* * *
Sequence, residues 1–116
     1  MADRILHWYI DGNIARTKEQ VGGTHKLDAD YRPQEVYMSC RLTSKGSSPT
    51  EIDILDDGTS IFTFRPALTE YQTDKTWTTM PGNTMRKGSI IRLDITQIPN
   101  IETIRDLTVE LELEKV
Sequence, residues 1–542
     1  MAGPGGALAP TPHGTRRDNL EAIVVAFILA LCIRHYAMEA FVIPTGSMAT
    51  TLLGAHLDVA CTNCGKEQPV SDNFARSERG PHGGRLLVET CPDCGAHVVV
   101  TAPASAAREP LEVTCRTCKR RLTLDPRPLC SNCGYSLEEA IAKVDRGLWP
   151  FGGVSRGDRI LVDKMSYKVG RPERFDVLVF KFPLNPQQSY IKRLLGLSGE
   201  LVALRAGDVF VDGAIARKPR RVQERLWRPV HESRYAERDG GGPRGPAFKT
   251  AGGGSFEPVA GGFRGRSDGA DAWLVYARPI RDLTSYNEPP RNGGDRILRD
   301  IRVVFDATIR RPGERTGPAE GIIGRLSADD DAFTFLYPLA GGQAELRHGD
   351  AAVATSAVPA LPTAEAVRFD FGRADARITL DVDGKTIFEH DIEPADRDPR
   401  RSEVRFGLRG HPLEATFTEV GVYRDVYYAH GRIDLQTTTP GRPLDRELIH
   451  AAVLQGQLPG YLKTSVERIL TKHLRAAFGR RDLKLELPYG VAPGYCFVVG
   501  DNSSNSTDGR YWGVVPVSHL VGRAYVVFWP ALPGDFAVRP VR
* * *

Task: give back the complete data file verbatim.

Sequence, residues 1–116
     1  MADRILHWYI DGNIARTKEQ VGGTHKLDAD YRPQEVYMSC RLTSKGSSPT
    51  EIDILDDGTS IFTFRPALTE YQTDKTWTTM PGNTMRKGSI IRLDITQIPN
   101  IETIRDLTVE LELEKV
Sequence, residues 1–542
     1  MAGPGGALAP TPHGTRRDNL EAIVVAFILA LCIRHYAMEA FVIPTGSMAT
    51  TLLGAHLDVA CTNCGKEQPV SDNFARSERG PHGGRLLVET CPDCGAHVVV
   101  TAPASAAREP LEVTCRTCKR RLTLDPRPLC SNCGYSLEEA IAKVDRGLWP
   151  FGGVSRGDRI LVDKMSYKVG RPERFDVLVF KFPLNPQQSY IKRLLGLSGE
   201  LVALRAGDVF VDGAIARKPR RVQERLWRPV HESRYAERDG GGPRGPAFKT
   251  AGGGSFEPVA GGFRGRSDGA DAWLVYARPI RDLTSYNEPP RNGGDRILRD
   301  IRVVFDATIR RPGERTGPAE GIIGRLSADD DAFTFLYPLA GGQAELRHGD
   351  AAVATSAVPA LPTAEAVRFD FGRADARITL DVDGKTIFEH DIEPADRDPR
   401  RSEVRFGLRG HPLEATFTEV GVYRDVYYAH GRIDLQTTTP GRPLDRELIH
   451  AAVLQGQLPG YLKTSVERIL TKHLRAAFGR RDLKLELPYG VAPGYCFVVG
   501  DNSSNSTDGR YWGVVPVSHL VGRAYVVFWP ALPGDFAVRP VR